By Nicola Negri
Ryoko Ono - alto saxophone, voice
Rogier Smal - drums, percussion
Sometimes, musicians active in opposite parts of the globe and playing in different musical genres can meet and immediately form a strong connection, based on a shared passion for improvisation and that rare instinctive understanding that sparks the best moments in free music, and their meeting suddenly sounds inevitable.
This is the case with Ryoko Ono, a saxophonist from Nagoya active in various musical styles and collaborating, among others, with Tatsuya Yoshida in the Sax Ruins duo, and Rogier Smal, an Amsterdam-based percussionist who has worked with diverse musicians like Marshall Allen and Eugene Chadbourne. After a chance encounter in Japan, they decided to meet again in Europe to record together and further develop what must have been an electrifying first meeting. The results are the nine improvisations contained in this CD, jointly released by Jvtlandt and Toztizok Zoundz.
The record starts with a blast: “Untitled 1” is an implacable sonic assault of blazing saxophone lines and thunderous drums in a flexible frame of gradual stops and sudden accelerations. The impact is breathtaking, and the track exemplifies the spirit that pervades the whole record, with Ono moving with striking dexterity around a myriad of melodic and rhythmic ideas, while Smal works on different percussive colors and precisely placed accents, modulating his muscular approach in a continuous open exchange with the saxophone. The instrumental quality of the musicians is impressive – from Ono's winding free-bop phrasing and unorthodox vocabulary to Smal's nuanced delivery and choice of timbres – but technique is never an end in itself, and is always used to shape and enrich the spontaneousness of a tight improvisational dialogue. The album is built on a variety of different strategies, always keeping the music firmly planted in its free jazz roots but developing the pieces with a clever compositional logic, mostly dispensing with thematic hooks but adding a meaningful dimension to each tune by other means, like the metal percussions of “Untitled 3”, Ono’s quirky vocalizing on “Untitled 4” or her circular breathing excursions on “Untitled 8”.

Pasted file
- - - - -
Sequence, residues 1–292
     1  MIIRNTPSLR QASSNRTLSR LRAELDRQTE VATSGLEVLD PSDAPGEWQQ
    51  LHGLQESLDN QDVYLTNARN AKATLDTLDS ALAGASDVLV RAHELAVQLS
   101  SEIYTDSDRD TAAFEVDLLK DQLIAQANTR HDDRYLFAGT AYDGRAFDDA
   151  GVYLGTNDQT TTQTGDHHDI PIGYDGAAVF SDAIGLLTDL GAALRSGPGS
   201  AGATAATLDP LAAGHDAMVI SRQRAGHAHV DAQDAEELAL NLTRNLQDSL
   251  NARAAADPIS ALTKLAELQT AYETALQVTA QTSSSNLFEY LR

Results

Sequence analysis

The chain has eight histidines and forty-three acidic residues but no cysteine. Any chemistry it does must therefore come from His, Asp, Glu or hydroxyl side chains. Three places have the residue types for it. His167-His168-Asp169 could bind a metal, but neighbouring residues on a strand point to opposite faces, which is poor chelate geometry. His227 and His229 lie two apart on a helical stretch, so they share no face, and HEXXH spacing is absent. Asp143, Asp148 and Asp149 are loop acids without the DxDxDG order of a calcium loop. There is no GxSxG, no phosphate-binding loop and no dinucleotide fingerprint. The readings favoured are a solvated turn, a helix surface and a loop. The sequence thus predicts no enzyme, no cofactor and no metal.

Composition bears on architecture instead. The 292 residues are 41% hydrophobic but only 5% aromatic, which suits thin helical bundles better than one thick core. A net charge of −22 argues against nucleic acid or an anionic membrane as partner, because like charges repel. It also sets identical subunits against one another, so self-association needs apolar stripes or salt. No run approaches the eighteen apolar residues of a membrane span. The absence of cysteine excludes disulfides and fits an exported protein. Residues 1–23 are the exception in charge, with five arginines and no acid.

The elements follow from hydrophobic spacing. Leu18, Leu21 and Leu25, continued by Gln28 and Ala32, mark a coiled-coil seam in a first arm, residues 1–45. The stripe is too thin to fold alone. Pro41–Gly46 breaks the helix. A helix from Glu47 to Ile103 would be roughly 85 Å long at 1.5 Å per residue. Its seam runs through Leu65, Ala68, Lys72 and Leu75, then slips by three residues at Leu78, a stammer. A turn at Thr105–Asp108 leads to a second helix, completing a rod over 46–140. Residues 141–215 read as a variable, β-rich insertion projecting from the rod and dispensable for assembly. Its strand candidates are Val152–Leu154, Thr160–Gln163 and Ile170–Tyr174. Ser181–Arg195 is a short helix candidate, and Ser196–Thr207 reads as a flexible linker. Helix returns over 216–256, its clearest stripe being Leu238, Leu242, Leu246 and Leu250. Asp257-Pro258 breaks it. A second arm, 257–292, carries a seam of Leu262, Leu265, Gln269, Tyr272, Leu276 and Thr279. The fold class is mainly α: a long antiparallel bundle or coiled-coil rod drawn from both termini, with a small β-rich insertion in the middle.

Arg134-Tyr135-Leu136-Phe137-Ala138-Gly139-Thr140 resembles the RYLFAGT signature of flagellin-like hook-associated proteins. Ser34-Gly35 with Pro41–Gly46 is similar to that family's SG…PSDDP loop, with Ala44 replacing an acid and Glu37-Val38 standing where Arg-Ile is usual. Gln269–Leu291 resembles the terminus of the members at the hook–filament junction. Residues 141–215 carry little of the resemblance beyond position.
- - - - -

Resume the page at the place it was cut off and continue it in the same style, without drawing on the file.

Consistently excellent from start to finish, this record is an astonishing debut by a powerful new improvisational unit, and nothing less than a revelation – an exhilarating musical world of telepathic interplay, fresh ideas and instrumental virtuosity.
Listen to “Untitled 5”: